1. Market review: Spot gold continued its rally on Monday, reaching a high of $1,865.25 per ounce within the day. During the U.S. session, it pared back some of its gains and finally closed up 0.39% at $1,853.59 per ounce; spot silver was again blocked above the $22 mark and fell. , and finally closed down 0.04% at $21.8 an ounce.
2. Fed’s Bostic: May pause rate hikes in September depending on inflation
Atlanta Fed President Bostic said rate hikes could be paused in September after raising rates by 50 basis points in each of the next two meetings, depending on inflation. If inflation remains high, a rate hike of 25 or 50 basis points is possible in September. He expects inflation to remain high this year at 3%.
3. Biden: Considering removing some tariff barriers on China
U.S. President Joe Biden said Monday in Tokyo that he is considering removing some tariff barriers on China, stressing that they were not set up by his administration.
The Federal Reserve accepted over US$2 trillion in fixed-rate reverse repurchase for the first time, reaching US$2.045 trillion, a record high for three consecutive days.
4. US Economist: Global inflation shock is “an order of magnitude worse” than it was in the 1970s
5. At the annual meeting of the World Economic Forum in Davos, Stiglitz, the Nobel laureate in economics, said that current inflation is “an order of magnitude worse” than it was in the 1970s, and the Fed is “completely unprepared” for this crisis, It’s not just about oil, it’s a hodgepodge of food, oil supplies and the Covid-19 crisis.
6. Lagarde consolidates expectations for a July rate hike, but some activists are still dissatisfied
On Monday, European Central Bank President Christine Lagarde said the first rate hike in more than a decade could come in July, but played down the possibility of a 50 basis point hike amid concerns about economic growth. She said it was “very likely” that the negative interest rate policy would end by the end of the third quarter, and the net asset purchase program was expected to end by the beginning of the third quarter. However, Lagarde’s plan to raise rates by 25 basis points “maybe two times” is unpleasant for some at the ECB who want to move faster, according to people familiar with the matter.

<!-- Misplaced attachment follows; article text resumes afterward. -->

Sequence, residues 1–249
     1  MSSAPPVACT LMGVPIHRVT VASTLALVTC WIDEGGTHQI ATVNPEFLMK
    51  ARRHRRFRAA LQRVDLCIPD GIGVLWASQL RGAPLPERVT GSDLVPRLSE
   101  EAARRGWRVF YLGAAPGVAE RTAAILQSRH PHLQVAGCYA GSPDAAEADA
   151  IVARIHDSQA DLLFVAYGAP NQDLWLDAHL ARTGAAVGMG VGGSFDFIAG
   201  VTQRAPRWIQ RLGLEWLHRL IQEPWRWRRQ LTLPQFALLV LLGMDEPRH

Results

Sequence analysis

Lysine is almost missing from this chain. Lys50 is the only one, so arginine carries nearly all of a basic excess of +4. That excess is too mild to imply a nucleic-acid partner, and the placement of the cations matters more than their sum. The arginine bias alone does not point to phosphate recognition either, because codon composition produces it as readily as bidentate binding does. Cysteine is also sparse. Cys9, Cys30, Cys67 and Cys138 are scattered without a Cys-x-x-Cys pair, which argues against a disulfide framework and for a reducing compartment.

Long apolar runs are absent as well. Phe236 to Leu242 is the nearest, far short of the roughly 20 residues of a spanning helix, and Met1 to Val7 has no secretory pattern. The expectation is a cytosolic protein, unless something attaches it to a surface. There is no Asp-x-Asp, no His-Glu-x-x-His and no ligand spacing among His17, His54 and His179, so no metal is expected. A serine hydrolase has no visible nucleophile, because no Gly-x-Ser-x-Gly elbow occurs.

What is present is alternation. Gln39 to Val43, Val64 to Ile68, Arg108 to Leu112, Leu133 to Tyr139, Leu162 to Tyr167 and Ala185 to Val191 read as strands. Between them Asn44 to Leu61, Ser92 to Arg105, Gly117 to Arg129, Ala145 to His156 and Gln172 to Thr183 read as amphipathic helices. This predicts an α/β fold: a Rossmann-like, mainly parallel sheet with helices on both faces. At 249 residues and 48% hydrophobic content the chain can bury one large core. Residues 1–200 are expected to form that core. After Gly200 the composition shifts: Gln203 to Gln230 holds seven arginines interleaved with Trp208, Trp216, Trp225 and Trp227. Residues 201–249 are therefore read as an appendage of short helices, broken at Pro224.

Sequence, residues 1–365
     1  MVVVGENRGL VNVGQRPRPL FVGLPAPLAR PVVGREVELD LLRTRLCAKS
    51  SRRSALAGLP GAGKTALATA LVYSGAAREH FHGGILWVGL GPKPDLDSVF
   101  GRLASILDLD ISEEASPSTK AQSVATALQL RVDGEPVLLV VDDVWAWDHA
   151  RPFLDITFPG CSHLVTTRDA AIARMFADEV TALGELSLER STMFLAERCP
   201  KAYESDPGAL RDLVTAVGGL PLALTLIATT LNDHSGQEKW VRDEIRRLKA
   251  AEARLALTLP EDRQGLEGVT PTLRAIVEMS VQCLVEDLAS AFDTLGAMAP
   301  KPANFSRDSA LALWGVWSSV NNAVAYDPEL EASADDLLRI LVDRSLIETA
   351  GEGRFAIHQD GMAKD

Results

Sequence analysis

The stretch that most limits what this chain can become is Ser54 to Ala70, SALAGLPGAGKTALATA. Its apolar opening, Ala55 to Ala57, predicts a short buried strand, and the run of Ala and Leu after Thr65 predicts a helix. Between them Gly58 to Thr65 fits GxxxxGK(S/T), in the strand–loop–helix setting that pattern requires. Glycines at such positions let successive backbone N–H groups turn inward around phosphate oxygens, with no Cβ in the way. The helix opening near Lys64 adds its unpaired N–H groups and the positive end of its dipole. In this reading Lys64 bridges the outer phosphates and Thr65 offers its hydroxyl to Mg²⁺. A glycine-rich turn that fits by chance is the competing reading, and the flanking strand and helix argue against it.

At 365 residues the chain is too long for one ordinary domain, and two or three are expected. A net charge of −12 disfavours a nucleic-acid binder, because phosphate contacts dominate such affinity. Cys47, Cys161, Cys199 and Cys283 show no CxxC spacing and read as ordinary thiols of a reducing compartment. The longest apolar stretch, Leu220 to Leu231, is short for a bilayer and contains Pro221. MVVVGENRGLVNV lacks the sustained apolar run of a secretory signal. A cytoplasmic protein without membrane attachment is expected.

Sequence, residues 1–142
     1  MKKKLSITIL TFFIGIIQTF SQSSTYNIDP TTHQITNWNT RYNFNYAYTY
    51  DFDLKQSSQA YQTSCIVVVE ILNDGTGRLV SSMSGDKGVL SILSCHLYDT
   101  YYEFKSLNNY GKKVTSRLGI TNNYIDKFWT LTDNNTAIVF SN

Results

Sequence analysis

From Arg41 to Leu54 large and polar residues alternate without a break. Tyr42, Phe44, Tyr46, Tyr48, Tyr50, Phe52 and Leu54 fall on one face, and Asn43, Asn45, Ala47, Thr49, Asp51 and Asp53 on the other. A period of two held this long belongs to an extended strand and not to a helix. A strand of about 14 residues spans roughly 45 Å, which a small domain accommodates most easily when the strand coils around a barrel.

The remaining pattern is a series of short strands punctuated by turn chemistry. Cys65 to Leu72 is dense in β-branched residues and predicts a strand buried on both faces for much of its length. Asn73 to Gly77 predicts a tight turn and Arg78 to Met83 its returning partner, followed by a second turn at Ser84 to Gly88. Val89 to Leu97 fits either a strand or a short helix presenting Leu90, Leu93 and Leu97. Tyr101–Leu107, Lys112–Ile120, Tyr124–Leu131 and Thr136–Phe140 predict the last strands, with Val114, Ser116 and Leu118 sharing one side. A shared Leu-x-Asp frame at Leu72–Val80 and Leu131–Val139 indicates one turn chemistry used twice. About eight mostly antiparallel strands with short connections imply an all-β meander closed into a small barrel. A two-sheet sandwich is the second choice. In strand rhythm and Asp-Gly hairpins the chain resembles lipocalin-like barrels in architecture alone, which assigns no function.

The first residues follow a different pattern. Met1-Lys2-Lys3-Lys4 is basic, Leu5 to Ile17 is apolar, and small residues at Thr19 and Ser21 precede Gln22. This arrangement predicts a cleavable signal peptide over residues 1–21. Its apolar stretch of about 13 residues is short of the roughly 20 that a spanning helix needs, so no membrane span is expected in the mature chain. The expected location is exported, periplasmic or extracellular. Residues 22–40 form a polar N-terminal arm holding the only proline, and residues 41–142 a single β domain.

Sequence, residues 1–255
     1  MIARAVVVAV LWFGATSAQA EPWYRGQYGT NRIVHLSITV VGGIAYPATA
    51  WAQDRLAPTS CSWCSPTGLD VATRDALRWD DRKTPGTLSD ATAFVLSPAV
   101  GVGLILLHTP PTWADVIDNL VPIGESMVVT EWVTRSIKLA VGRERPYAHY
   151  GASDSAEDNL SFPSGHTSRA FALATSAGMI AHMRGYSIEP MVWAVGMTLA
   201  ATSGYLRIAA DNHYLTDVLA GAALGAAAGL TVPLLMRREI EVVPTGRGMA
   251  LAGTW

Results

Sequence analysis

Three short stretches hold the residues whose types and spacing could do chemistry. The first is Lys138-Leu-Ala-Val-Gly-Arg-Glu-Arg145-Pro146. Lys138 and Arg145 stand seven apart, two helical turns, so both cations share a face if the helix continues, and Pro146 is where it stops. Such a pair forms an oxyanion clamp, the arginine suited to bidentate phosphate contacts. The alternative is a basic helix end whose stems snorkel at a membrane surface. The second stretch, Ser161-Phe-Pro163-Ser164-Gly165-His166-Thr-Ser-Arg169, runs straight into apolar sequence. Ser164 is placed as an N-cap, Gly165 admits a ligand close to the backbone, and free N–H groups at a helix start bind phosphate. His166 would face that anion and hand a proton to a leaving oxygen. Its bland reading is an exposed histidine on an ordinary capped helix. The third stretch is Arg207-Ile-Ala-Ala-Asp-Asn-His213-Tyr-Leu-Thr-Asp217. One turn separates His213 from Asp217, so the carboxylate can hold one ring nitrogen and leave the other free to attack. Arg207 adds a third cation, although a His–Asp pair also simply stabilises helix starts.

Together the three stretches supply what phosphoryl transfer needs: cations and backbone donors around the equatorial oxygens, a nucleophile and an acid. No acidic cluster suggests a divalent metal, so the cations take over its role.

It is not yet possible to judge whether the rise in gold prices is sustainable
Gold’s uptrend is likely to be short-lived, with prices currently trading below the 50-day moving average at $1914.76. Continued dollar strength could lead analysts to downgrade gold to bearish from neutral. The dollar was supported by relatively high 3-month and 10-year Treasury yields, while most other currencies’ 50-day moving averages were down.
Gold price action depends on real interest rates and the U.S. dollar
. Gold benefited last week from falling interest rates (both nominal and real) and the pullback from the recent rally in the US dollar. Gold is still a pullback in an uptrend, but we will continue to focus on real interest rates and the U.S. dollar as key influencers, and if these two make new highs, it will be difficult for gold prices to hold above $1,800.
The U.S. dollar continued to fall by about 1% today, and gold continued to rally. Gold prices may continue to rise in the short-term on the recent momentum, but I don’t think the environment is conducive to it. Higher interest rates are coming, which has been weighing on gold for the past month.
Positions show gold selling pressure has subsided
A weaker dollar provided support for gold. Additionally, gold is clearly once again favored by ETF investors. Speculative financial investors pulled out further in the week to May 17, with net long positions falling to the lowest level since last September, according to the Commodity Futures Trading Commission. However, in our view, this means that the selling pressure on gold from this group of investors should have subsided significantly.